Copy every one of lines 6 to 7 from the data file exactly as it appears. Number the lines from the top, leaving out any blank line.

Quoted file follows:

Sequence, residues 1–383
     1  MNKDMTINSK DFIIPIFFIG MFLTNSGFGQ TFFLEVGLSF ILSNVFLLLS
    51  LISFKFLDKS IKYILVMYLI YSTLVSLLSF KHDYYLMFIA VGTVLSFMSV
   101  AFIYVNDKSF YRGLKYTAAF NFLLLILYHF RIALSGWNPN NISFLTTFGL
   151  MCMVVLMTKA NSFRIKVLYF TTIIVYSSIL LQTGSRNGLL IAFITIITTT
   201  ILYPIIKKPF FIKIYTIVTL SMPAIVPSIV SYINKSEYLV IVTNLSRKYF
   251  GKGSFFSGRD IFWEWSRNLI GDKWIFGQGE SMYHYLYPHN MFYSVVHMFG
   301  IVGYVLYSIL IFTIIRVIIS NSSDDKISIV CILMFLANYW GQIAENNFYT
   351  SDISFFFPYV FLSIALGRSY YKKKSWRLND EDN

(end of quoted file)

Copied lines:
   201  ILYPIIKKPF FIKIYTIVTL SMPAIVPSIV SYINKSEYLV IVTNLSRKYF
   251  GKGSFFSGRD IFWEWSRNLI GDKWIFGQGE SMYHYLYPHN MFYSVVHMFG